Stories of interest you might have missed…
“Professional golf is in a great place, with exciting and charismatic young talent at the top of the world rankings and leaderboards. It doesn’t necessarily need Tiger Woods to come back,” Erik Matuszewski writes in Forbes.
“But how special would it be to have Tiger, with his 79 career PGA Tour wins and 14 major titles, return to relevance? It would make for a fantastic final chapter: the greatest golfer of his generation, now in his 40′s, going toe-to-toe with a group of young guns who grew up idolizing him, but aren’t intimidated by the transcendent player he once was.
“It’s why so many in and out of golf are anxiously rooting for Woods — from the majority of fans to his peers on tour — in his latest, and perhaps last, comeback.”
Tigermania returns, with a note of caution
Tigermania has returned, for the moment, at least, but a note of caution regarding expectations was sounded in this story by Martin Dempster of the Scotsman.
“It’s quite comical actually to think that the world No 898…can send people into a frenzy, but Woods still has that effect and, in fairness, he earned it through the incredible impact he had on the game at the peak of his career.
“That, alas, now seems a long time ago and please let’s remember that at the outset in terms of what we can expect to see from Tiger this week in respect of a performance. By the time he steps on the first tee on Thursday, a total of 466 days will have passed since he last hit a ball in anger on a golf course.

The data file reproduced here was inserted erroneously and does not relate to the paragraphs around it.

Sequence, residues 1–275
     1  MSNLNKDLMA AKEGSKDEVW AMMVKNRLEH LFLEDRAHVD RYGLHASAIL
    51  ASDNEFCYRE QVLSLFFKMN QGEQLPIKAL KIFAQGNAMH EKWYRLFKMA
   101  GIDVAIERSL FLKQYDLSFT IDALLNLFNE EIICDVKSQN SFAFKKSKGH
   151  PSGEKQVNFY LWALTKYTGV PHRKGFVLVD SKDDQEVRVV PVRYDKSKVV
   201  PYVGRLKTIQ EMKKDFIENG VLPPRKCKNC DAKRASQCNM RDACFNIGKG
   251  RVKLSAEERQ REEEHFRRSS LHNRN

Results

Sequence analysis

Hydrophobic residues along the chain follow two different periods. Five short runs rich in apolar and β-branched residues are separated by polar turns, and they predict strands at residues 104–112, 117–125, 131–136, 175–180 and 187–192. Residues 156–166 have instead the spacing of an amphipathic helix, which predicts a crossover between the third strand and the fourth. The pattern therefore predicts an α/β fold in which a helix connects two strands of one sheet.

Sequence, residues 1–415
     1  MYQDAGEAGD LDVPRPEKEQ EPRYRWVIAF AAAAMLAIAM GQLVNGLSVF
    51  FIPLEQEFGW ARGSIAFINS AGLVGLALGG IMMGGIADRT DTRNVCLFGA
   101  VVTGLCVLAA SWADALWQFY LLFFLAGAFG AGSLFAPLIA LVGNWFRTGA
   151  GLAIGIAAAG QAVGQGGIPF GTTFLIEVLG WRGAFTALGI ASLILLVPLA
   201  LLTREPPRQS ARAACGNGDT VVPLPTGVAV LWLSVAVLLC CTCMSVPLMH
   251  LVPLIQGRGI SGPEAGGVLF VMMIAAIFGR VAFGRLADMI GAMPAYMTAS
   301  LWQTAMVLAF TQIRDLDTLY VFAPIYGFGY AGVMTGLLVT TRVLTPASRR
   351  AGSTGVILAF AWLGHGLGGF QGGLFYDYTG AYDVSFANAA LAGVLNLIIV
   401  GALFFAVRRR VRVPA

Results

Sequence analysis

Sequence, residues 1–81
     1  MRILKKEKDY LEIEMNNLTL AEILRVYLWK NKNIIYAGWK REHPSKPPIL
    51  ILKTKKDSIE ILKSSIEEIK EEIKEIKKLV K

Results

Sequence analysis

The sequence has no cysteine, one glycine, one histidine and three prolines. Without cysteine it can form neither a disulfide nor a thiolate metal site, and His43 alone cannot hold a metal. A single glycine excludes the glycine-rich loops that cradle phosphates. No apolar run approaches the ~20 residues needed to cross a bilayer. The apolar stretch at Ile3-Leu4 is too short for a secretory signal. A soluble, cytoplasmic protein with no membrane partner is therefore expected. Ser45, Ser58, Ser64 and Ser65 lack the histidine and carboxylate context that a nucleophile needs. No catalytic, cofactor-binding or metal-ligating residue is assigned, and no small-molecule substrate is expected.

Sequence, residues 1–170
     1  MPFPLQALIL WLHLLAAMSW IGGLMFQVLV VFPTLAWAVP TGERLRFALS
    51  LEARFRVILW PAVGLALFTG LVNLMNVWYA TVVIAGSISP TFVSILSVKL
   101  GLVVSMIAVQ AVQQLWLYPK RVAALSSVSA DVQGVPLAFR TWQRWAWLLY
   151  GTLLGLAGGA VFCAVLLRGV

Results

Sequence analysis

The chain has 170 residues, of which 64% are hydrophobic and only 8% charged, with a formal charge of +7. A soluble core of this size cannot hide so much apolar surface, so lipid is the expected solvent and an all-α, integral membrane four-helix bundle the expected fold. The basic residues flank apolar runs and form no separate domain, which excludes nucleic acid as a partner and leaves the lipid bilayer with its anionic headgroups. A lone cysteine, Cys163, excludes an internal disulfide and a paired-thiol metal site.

“While that would definitely appear to seem sufficient time to have allowed him to a) recuperate and b) get himself golf ready following the two back surgeries he underwent around a year ago, we won’t know for certain until it is tested in the heat of competition.”
Life of Peggy Kirk Bell celebrated
Brownson Memorial Presbyterian Church in Southern Pines, N.C., was full on Tuesday for a memorial service for golf legend Peggy Kirk Bell, Chip Alexander of the News & Observer writes.
“Rev. John Hage, the Brownson pastor, said he visited Peggy not long ago and at one point said, ‘Let’s pray.’
“Peggy’s response: ‘Let’s play.’
“‘She was ready to play 18 holes of golf,’ Hage said, smiling.”
Among those in attendance was World Golf Hall of Famer Kathy Whitworth. “She was just real,” Whitworth said after the service. “I mean, what you saw was what you got and there was no pretense about her. You always felt good when you were around her.
“When I think of her legacy, you’re never going to think of her and not smile.”